Where Do Vegans Get Their Protein ?

This is by far the most popular question for people who eat a plant-based diet and for good reason. Protein forms the building blocks of muscle repair and healthy skin, hair and nails. This essential macro nutrient is also critical to maintain a wide array of body functions, such as immunity, mental capacity, and even mood stability. And that’s just the start.

This isn’t an article about how awesome and important protein is (because you probably get enough of that through the hype of pop-nutrition) so let’s skip past the biology lesson, and answer what’s likely really on your mind: how much protein do you actually need and how can you get it from a whole food, plant-based diet?

How much protein do you actually need?

As with most things to do with protein, this is a highly debated question with many variables and no one, simple answer. For the purposes of this article, we’re going to assume you are not a high-performance athlete, body builder, or a pregnant woman. Protein needs can vary depending on our age, sex, activity levels, and even body weight, but it need not be so complicated.

Experts at Harvard Medical School say that to determine your RDA (Recommended Daily Allowance) for protein, you can multiply your body weight in pounds by 0.36.   For those of you on the metric system, the calculation is 0.8 grams of protein per kilogram of body weight.  If you’d like a simple tool, here is a link to an online protein calculator.  Do keep in mind that these are templates, and that the most reliable source is often how your body feels, and the symptoms you’re actually experiencing on a day to day basis.

How can you get enough protein from a plant-based diet?

The simplest answer to this question is:

As long as you’re armed with the right knowledge and are being relatively conscious of what you’re eating, you should not have any concerns about being protein-deficient. Just ask ultra-endurance athlete Rich Roll, who’s also a graduate of Stanford University:

“If you ate nothing but a variety of fresh fruit, you still would never suffer a deficiency of protein (or even any particular amino acid). Short of starving yourself, it’s almost impossible. Despite the incredibly heavy tax I impose on my body, training at times upwards of 25 hours per week for ultra-endurance events, this type of regimen <plant based> has fueled me for years, without any issues with respect to building lean muscle mass. In reality, I believe that eating plant-based has significantly enhanced my ability to expedite physiological recovery between workouts — the holy grail of athletic performance enhancement.”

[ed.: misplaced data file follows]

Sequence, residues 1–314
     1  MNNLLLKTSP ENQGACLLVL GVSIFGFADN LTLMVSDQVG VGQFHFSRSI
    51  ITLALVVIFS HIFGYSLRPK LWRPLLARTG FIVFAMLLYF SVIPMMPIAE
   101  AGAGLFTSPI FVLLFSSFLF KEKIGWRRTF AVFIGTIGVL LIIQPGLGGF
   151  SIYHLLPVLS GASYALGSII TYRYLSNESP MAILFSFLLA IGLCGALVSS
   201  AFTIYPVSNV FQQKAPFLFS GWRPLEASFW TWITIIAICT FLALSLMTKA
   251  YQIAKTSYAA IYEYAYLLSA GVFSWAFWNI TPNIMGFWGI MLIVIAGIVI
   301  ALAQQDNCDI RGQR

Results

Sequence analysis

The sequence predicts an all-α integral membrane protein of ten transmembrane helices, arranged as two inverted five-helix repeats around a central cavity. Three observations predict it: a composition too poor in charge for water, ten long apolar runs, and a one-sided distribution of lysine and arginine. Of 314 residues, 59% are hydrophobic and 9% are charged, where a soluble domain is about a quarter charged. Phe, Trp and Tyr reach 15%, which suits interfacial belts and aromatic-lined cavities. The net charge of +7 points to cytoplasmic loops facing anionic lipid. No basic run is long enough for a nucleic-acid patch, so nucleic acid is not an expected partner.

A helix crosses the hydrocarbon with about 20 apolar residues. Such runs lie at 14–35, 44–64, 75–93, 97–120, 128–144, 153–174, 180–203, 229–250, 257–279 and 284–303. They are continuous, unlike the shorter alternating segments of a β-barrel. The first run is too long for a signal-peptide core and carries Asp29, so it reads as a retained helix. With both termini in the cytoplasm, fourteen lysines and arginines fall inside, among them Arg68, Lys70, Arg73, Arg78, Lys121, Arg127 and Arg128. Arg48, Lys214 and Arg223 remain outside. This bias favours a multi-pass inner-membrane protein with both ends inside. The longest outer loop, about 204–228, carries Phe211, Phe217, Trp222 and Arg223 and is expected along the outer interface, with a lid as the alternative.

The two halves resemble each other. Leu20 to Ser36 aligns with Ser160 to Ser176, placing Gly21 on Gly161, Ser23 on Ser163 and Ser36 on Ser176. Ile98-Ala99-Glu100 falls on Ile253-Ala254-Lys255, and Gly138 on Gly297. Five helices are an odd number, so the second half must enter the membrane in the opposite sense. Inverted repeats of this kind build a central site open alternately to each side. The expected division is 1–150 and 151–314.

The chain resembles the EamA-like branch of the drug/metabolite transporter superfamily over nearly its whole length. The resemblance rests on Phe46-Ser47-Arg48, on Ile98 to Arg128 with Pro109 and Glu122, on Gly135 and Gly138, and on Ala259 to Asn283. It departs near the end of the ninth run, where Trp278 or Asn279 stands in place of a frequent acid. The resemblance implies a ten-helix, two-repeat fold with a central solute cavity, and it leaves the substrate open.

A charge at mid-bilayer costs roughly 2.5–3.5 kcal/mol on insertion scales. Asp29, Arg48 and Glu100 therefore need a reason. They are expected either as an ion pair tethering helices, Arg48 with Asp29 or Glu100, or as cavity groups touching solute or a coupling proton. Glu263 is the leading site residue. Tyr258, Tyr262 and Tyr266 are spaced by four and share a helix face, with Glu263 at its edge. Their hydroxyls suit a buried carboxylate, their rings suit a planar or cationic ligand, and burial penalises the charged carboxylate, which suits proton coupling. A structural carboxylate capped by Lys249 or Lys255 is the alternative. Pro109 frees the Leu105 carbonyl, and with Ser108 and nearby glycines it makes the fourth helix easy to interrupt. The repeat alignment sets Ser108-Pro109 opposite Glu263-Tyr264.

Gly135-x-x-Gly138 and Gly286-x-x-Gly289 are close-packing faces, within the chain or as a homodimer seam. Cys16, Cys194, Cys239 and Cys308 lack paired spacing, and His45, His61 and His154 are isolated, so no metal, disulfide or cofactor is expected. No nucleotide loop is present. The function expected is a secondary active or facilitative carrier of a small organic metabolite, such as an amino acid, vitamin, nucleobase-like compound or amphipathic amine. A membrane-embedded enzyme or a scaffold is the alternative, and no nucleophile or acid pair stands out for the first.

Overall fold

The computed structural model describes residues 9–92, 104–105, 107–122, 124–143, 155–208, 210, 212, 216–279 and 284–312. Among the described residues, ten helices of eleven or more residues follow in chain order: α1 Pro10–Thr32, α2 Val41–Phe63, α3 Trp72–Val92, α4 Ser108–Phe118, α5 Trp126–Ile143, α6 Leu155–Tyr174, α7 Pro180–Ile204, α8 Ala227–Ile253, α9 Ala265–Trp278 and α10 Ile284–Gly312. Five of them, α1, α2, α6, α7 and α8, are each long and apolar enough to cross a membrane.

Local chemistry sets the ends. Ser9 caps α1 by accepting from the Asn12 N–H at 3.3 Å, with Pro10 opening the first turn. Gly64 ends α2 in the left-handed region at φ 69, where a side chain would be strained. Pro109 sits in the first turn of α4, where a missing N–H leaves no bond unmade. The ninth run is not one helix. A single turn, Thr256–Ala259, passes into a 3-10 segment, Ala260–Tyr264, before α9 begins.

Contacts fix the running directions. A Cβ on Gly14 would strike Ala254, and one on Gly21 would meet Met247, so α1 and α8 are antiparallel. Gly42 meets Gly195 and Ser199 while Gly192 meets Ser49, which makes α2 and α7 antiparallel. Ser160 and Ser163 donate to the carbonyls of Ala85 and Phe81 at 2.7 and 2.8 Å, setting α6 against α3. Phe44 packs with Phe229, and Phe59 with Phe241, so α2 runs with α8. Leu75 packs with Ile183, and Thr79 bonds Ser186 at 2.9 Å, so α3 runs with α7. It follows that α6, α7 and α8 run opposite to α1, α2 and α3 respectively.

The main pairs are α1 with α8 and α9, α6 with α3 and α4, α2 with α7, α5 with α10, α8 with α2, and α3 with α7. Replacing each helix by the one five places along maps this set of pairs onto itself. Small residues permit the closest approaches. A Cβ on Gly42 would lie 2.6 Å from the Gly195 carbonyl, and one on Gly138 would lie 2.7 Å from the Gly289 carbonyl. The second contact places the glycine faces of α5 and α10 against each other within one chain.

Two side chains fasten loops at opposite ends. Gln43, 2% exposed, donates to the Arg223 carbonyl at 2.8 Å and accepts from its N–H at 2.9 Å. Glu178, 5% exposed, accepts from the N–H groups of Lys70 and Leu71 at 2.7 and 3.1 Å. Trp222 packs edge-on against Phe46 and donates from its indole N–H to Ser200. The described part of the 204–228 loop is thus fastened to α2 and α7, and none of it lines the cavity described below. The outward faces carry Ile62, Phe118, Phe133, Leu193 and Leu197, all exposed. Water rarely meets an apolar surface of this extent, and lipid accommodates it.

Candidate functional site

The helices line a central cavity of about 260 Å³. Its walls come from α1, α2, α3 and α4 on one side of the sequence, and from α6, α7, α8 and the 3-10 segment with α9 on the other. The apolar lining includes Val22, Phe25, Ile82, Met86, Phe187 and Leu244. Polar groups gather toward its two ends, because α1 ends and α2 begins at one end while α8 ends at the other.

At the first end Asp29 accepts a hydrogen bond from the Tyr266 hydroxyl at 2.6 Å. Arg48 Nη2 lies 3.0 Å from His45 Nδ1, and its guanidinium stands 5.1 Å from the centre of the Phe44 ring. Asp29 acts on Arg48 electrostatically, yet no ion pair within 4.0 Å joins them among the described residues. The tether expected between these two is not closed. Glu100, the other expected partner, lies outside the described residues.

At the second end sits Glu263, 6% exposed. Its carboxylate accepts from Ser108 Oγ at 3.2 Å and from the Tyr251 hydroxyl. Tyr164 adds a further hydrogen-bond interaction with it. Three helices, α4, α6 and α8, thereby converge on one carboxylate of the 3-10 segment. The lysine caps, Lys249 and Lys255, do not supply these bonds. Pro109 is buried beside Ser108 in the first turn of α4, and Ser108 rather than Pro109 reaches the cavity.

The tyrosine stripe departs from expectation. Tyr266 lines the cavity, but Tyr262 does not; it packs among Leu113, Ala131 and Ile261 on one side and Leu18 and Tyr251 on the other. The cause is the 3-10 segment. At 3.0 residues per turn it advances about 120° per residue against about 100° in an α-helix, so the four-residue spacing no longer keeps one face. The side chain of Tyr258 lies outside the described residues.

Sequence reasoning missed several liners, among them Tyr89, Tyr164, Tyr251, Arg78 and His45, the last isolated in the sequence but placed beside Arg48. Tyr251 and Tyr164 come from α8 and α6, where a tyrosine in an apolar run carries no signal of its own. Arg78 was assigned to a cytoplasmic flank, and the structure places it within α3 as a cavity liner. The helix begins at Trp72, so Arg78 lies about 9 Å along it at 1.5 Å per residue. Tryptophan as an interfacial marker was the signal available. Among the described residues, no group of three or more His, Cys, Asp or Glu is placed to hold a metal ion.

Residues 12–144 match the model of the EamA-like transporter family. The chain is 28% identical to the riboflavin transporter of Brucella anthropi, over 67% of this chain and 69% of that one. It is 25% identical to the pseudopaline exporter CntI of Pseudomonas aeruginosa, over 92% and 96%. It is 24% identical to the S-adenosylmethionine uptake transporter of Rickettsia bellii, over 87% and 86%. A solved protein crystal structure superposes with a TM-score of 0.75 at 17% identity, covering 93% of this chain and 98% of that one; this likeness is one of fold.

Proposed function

Knowing that it is relatively simple to meet your daily requirements of protein, there are a few nuanced points to consider:

a. Quantity of protein – how much protein does plant-based foods actually have?
b. Quality of protein – how do plant and animal proteins differ, and is one better than the other?
Quantity of protein

Research has shown that all plants contain protein and at least 14% of the total calories of every plant are protein. Broccoli contains more protein per calorie than steak and, per calorie, spinach is about equal to chicken and fish.

 If you check out the Ground Leaf food guide you will find detailed information on the food groups of a plant based diet, including the protein sources such as nuts and seeds, beans and legumes, grains, and of course, fruits and vegetables.

Quality of protein

Yet another source of great debate, the plant-based community’s stance is that plant sourced proteins are better than animal proteins for a multitude of reasons. Not only are they easier to digest, and minimize inflammation instead of causing it, but they also come with the added “gifts” of fiber, antioxidants, minerals, vitamins, and phytochemicals, whereas animal proteins come with saturated fat, cholesterol, and added hormones and antibiotics.

 After reading all of this, if protein continues to be a concern for you, plant-based supplementation is widely available in the form of pea proteins, hemp proteins, and even rice proteins. Many of these supplements come in the form of yummy protein shake powders, compact bars, and even little easy-to-take capsules. It’s best to try and get all of your nutrients from whole foods, but it’s also important to stay flexible.

The next time someone asks you “Where do you get your protein”, hopefully you’ll feel more equipped to answer the question. And if you’re having any doubts, you can always say:  “from pretty much every food I eat”.

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